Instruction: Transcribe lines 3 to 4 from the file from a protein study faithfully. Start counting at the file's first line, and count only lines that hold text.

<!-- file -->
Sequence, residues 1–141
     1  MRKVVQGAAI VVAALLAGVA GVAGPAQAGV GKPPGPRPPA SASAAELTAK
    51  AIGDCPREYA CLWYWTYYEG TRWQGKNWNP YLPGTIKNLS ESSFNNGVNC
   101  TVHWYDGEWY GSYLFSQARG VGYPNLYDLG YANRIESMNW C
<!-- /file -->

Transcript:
    51  AIGDCPREYA CLWYWTYYEG TRWQGKNWNP YLPGTIKNLS ESSFNNGVNC
   101  TVHWYDGEWY GSYLFSQARG VGYPNLYDLG YANRIESMNW C